They descended dramatically upon us, as strolling minstrels, working their way from circle to stage, lustily singing Sumer is icumen in. Once settled, The Song Company began its journey on Tuesday night through the four seasons with spring.

The first of two 12th century songs from the original Carmina Burana, exquisitely voiced, with delicate touches of percussion alongside director Roland Peelman's authoritative drum, introduced a series of madrigals.

While Weelkes' Now is my Cloris was light as gossamer, with blithe, chirruping fa la las, the six singers made every pang count in the bittersweet moments of Schutz's O Primavera.

Summer did not live up to expectations. A second Carmina Burana offering, a bawdy hymn to Bacchus, romped through to a whistling coda and a wink of Rossini crescendo but Delius' To be sung on a summernight on the water, was not such smooth sailing when it came to intonation.

A pop set was curiously unsatisfying. The cushioning of Kate Bush's shivery instrumentals was missed when the Australians sang her Delius and Michel Legrand's The Summer Knows needed the ambience of discreet amplification to let the croon bloom; the Beatles' Good Day Sunshine was self-conscious and twee.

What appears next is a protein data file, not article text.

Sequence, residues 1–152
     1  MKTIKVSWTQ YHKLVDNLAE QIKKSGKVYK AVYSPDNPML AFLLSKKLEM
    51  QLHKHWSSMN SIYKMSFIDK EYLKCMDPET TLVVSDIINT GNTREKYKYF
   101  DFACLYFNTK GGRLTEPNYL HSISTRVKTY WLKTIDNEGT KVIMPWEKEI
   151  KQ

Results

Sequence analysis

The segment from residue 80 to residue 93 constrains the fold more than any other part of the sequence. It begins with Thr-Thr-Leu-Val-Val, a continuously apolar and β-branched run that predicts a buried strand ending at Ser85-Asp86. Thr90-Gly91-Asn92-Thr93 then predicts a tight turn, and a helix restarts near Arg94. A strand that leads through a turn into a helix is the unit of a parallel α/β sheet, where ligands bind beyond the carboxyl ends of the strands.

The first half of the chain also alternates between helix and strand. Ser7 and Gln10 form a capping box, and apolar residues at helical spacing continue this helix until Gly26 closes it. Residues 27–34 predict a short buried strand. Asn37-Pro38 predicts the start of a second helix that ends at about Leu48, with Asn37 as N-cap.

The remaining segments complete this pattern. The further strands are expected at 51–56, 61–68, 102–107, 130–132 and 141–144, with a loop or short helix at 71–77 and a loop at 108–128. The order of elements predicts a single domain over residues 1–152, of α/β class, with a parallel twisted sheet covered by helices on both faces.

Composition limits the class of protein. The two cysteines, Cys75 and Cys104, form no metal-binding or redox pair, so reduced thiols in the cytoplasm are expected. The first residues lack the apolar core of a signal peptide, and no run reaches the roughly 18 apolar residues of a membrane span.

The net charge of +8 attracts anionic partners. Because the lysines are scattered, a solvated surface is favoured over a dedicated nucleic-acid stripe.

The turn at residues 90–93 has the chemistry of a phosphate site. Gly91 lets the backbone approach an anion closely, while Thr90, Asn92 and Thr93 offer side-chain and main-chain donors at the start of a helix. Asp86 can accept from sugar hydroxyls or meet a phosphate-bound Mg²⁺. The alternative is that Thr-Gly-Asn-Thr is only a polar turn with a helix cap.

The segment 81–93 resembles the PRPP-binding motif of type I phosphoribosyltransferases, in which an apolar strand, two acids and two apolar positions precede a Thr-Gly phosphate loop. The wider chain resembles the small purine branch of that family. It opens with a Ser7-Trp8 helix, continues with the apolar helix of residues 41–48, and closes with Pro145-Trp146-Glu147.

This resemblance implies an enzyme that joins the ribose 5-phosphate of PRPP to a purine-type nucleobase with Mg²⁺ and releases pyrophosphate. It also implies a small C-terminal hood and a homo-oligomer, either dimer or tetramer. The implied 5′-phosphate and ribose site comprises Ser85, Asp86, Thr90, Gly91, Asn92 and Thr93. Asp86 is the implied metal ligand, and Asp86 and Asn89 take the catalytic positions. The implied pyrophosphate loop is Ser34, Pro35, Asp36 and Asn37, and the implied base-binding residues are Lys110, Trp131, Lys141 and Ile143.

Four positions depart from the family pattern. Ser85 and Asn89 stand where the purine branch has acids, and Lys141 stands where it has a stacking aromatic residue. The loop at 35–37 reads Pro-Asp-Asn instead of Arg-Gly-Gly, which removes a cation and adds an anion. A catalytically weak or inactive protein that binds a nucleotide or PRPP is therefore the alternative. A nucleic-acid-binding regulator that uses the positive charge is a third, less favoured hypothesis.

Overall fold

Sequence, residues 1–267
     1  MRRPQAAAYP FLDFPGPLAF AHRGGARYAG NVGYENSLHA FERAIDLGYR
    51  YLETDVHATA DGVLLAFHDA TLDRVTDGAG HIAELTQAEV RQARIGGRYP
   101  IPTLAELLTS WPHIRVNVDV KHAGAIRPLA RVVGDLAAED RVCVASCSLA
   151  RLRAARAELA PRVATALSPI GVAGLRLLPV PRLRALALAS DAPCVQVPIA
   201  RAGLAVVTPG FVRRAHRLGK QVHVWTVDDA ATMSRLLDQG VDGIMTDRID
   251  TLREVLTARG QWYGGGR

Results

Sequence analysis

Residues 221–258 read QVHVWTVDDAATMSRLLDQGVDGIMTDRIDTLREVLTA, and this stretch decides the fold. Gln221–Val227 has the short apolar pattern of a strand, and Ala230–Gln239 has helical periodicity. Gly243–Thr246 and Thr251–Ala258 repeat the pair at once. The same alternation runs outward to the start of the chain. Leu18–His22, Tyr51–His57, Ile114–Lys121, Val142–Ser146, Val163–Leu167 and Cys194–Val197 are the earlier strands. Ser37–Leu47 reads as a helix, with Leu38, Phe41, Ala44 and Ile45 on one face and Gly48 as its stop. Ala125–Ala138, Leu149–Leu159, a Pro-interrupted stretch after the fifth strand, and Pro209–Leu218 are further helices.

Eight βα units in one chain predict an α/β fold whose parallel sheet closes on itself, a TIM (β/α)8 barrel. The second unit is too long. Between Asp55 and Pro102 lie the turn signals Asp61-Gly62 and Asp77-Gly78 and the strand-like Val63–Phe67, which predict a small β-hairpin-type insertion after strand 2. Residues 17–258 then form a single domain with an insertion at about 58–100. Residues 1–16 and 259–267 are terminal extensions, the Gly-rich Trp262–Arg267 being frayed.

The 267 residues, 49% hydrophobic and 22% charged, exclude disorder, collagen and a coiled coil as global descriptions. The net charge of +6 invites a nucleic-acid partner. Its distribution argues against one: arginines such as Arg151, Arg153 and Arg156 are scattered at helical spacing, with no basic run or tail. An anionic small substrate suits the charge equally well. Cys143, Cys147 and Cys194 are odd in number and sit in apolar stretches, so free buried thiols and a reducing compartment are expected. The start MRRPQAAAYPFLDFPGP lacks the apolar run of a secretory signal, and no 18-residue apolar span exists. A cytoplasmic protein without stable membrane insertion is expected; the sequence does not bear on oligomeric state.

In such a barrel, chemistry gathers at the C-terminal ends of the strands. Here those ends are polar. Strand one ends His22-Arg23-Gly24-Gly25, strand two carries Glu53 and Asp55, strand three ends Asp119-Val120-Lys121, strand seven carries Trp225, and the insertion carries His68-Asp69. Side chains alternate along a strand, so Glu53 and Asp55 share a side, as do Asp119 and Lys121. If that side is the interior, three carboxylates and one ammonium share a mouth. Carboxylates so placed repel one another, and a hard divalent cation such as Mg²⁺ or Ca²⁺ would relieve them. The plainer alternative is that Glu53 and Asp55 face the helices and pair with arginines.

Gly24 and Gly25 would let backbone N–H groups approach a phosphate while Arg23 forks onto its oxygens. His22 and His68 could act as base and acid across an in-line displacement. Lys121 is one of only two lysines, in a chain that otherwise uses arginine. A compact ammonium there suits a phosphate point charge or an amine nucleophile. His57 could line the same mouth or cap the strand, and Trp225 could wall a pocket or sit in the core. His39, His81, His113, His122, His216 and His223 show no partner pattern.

After interval, Peelman recited the longest and most effective reading of the evening, Autumn by Tang Dynasty poet, Ou-Yang Hsiu, after which the pristine simplicity and beauty of John Cage's The year begins to be ripe was perfectly captured by mezzo Lanneke Wallace-Wells.

Contemporary Australian contributions included Peter Sculthorpe's poignant Autumn Song with effective offstage soprano and Frank Nuyt's Old Airs, which set Les Murray verse across a brilliantly delivered panorama of vocal effects and styles.

A French bracket took us into winter. Kosma's Les Feuilles Mortes, finely focused, with arresting solos from Clive Birch, was followed by Debussy's dancing Yver, vous n'estes qu'un villain.

Yet the chiselled voicings of Poulenc's Un Soir de Neige, a chilling portrait of a city under siege, occasionally tested the ensemble.

Pete Seeger's Turn! Turn! Turn! had the feeling of an encore. Peelman's arrangement a la Bach was clever, perhaps too much so, but it was a resonant rounding-off for an enterprising concert.